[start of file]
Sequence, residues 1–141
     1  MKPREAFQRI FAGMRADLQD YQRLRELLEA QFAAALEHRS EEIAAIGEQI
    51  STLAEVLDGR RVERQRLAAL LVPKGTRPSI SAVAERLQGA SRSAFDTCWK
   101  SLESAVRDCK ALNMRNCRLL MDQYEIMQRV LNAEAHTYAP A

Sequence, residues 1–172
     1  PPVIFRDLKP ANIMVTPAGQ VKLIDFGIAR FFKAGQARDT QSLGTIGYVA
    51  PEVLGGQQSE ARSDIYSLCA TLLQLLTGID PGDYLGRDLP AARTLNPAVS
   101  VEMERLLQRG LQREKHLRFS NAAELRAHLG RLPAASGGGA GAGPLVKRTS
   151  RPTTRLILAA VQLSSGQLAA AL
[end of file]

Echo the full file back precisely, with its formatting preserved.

Sequence, residues 1–141
     1  MKPREAFQRI FAGMRADLQD YQRLRELLEA QFAAALEHRS EEIAAIGEQI
    51  STLAEVLDGR RVERQRLAAL LVPKGTRPSI SAVAERLQGA SRSAFDTCWK
   101  SLESAVRDCK ALNMRNCRLL MDQYEIMQRV LNAEAHTYAP A

Sequence, residues 1–172
     1  PPVIFRDLKP ANIMVTPAGQ VKLIDFGIAR FFKAGQARDT QSLGTIGYVA
    51  PEVLGGQQSE ARSDIYSLCA TLLQLLTGID PGDYLGRDLP AARTLNPAVS
   101  VEMERLLQRG LQREKHLRFS NAAELRAHLG RLPAASGGGA GAGPLVKRTS
   151  RPTTRLILAA VQLSSGQLAA AL